Section 4 - FOREIGN - Group 2
The Lykoi is an unusual breed of cat, which is one of the more recent additions to the cat fancy. The breed name, which derives from the Greek word for wolves, is a reference to the cat’s appearance which is thought by many to resemble a little werewolf. Arising from a natural recessive mutation which alters the appearance of the coat, the cats have a moderate foreign build. They were granted the first stage of recognition by the GCCF in October 2017, and Preliminary recognition in February 2020.
The first Lykoi cats were a brother and sister named Silver Lining and Ray of Hope, found in a shelter in Virginia USA by Patti Thomas in 2010. The breed was initially developed by Thomas as well as a vet, Johnny Gobble and his wife Brittney Gobble who carried out extensive health testing to ensure that the cats were healthy, looking in particular at the health of the skin and heart. An extensive outcrossing programme was undertaken by breeders using Domestic Shorthairs and a small number of unrelated additional cats of Lykoi appearance found in other locations. The first Lykoi variants (normal-coated cats carrying the Lykoi gene) to be imported to the UK were brought into the country by Mrs Perviz Alexander in 2013 with the first full Lykoi in the UK born in May 2015.
Appearance & Colours
The Lykoi is a striking cat with an unusual visual appearance resulting from the natural coat mutation upon which the breed was developed. The very soft coat has a roan pattern with white hairs scattered evenly throughout the entire coat. The quantity of unpigmented white hairs within the coat can vary from cat to cat and can vary throughout a cat’s lifetime, from around 30% to 70% with around 50% being the ideal. While the hairs appear slightly longer than in a normal shorthaired cat, the gene also causes a reduction in coat volume so that the cats have little undercoat and only a sparse down is present in certain areas, such as around the eyes and muzzle or on the feet, contributing to their werewolf-like unique appearance. They have a lithe moderate foreign type build. The head has a modified wedge shape with rounded contours, large, high-set, vertical ears and gold oval eyes. The unique pattern of reduced hair and roan pigmentation gives their faces the characteristic look.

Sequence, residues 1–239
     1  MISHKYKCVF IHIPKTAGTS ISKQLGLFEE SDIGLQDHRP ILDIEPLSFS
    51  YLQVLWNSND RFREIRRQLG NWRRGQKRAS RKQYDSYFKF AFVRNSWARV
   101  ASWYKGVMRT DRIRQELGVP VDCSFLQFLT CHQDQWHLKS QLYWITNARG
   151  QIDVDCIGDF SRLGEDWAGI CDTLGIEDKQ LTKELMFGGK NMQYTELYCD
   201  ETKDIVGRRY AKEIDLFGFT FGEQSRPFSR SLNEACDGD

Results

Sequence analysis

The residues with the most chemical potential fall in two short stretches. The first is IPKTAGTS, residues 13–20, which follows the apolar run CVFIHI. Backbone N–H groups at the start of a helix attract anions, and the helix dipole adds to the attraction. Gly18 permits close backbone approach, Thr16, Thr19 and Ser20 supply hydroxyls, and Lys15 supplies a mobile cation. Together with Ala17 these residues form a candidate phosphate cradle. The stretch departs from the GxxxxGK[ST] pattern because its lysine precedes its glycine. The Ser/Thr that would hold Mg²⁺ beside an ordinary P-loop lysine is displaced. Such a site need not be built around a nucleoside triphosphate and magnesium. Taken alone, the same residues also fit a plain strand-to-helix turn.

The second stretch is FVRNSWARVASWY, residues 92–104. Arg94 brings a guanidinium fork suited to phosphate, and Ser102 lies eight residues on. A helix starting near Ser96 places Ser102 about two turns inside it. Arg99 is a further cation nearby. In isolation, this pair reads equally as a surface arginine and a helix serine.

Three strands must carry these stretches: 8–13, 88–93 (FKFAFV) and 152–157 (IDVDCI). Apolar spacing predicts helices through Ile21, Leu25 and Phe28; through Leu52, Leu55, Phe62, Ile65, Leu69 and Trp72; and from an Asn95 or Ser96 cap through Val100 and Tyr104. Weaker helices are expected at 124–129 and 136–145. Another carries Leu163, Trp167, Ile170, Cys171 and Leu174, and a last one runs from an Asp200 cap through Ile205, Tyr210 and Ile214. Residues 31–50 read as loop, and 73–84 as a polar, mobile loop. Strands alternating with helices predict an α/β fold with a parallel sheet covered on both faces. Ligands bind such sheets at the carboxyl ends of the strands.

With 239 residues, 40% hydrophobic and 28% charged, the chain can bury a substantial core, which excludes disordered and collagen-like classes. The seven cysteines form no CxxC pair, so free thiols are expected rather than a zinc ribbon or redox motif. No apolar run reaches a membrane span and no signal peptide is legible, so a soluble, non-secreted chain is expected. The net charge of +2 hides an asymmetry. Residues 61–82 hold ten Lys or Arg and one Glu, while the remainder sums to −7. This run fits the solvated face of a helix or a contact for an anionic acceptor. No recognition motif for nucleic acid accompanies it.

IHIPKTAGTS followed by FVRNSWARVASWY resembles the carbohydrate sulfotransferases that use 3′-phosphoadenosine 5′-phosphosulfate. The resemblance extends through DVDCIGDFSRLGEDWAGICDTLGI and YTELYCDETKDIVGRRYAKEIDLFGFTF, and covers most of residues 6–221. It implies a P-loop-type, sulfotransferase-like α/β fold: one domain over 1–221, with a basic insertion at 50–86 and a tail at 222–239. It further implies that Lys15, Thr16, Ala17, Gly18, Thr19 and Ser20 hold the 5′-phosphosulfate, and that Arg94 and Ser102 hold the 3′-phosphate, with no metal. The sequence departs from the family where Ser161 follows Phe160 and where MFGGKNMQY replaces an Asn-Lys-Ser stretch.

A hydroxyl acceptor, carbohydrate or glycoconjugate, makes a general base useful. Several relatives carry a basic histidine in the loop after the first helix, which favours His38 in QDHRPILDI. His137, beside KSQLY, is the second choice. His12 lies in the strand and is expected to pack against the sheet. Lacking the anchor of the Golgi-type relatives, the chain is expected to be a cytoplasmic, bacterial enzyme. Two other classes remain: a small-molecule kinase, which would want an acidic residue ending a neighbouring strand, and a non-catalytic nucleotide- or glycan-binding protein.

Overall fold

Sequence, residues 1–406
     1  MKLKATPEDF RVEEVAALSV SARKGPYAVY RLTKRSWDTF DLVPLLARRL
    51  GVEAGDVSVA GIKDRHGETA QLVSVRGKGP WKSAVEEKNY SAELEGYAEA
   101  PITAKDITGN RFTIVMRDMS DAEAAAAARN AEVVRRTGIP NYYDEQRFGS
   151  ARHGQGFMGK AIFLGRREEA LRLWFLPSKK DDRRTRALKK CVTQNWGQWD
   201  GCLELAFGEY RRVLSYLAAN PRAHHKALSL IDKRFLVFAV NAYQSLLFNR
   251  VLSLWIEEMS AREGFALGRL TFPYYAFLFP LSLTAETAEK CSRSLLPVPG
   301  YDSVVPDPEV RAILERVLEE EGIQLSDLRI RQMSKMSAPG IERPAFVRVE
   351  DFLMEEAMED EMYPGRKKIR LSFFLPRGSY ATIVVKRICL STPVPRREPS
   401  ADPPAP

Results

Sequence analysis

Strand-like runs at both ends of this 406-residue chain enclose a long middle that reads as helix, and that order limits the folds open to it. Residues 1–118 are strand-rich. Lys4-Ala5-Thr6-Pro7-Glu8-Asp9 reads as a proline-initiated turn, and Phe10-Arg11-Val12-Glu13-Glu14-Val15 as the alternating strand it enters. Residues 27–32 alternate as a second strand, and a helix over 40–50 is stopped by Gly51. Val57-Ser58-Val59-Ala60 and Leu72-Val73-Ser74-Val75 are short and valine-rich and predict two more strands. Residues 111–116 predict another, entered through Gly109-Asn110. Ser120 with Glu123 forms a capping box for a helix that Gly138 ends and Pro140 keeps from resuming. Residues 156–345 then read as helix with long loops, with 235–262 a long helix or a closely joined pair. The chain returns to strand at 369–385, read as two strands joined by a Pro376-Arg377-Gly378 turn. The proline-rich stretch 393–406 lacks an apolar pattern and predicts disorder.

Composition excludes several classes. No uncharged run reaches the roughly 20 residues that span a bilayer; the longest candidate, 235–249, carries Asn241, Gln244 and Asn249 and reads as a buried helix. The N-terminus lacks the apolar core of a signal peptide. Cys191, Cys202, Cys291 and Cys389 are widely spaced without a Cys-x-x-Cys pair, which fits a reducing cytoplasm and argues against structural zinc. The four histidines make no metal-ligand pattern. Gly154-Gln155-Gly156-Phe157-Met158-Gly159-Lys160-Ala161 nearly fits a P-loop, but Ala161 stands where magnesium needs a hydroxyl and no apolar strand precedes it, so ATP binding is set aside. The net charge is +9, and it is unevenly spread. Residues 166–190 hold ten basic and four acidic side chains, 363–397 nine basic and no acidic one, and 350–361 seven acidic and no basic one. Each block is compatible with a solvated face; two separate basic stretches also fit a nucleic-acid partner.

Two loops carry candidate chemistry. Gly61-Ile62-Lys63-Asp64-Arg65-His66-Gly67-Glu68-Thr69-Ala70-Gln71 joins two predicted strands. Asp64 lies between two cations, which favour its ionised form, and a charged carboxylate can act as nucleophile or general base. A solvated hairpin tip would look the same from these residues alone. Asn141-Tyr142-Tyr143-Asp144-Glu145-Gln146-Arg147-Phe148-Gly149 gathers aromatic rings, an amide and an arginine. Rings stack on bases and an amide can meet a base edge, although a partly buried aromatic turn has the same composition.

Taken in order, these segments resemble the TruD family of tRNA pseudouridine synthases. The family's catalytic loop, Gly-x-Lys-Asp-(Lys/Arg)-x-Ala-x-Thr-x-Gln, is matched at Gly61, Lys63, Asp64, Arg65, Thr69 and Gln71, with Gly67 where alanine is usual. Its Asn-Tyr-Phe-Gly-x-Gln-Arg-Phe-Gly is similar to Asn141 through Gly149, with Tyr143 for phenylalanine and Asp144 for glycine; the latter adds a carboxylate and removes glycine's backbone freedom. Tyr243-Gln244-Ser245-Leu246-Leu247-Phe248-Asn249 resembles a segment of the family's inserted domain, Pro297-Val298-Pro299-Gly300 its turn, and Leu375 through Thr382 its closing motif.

Active and outgoing, the Lykoi likes to play and to interact with other cats and humans. They are intelligent and enjoy active games that challenge their powers of thought. If kept together they will hunt down their toys like a little pack of wolves. They are affectionate and once they have burnt up their energy playing they like to find a warm spot of sunshine or a cosy lap to snooze in.
There are no special care requirements for the Lykoi breed. The lighter coat means that they are not prone to matting but they do require an occasional brush through. They can moult and lose some of their coat, especially in springtime, but this should grow back and is normal. Although they have a reduced coat volume, they do not need to be kept in a warmer than normal environment; they appreciate a cosy bed and, just as with any other cat, should never be shut in an outdoor area with no access to indoor shelter.
The breed has been established with a concerted effort to ensure a genetically diverse and healthy foundation with options to continue to diversify the gene pool through the addition of new blood lines. The cats are robust and healthy with no known breed-specific health issues.